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IUPUI Study: Depression A Risk Factor For Heart Disease

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Photo: U.S. Army Korea

Some patients who received antidepressants and psychotherapy in an IUPUI study had a lower risk of stroke and heart attack for the next eight years.

Treating depression could help prevent heart disease, according to new research from Indiana University-Purdue University Indianapolis.

IUPUI psychology professor Jesse Stewart says previous research has indicated depression is a risk factor for cardiovascular disease.

But treating the depression didn’t help once the patient already had CVD. So Stewart and another researcher decided to try treating depression before the onset of heart disease.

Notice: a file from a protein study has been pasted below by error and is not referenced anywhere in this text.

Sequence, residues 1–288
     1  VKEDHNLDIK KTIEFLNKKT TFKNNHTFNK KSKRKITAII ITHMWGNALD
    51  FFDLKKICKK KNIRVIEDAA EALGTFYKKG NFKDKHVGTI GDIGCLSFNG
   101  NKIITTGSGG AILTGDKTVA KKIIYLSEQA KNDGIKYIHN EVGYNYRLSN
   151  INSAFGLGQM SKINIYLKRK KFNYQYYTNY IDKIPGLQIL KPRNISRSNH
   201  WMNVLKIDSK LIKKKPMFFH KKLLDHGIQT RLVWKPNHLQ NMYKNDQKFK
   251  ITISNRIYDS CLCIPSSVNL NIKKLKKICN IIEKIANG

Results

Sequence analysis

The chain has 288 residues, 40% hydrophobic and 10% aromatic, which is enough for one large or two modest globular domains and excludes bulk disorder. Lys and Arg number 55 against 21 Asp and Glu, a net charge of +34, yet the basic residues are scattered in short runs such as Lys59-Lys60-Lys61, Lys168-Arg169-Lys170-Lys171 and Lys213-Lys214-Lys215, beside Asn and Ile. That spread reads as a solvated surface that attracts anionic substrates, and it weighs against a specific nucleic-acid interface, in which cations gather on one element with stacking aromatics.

Stewart says it may seem odd to connect a psychological disease with a physical one, but there are many ways depression links itself to the body.

“So one way depression might get inside the body is through the immune system,” Stewart says. “Another set of pathways involves behavioral factors. So depressed patients are more likely to be smokers are less physically active and tend to be less adherent to medications.”

The study involved 235 elderly, clinically depressed patients. Some of the patients received antidepressants and psychotherapy, and those patients had lower risk of stroke and heart attack for the next eight years.

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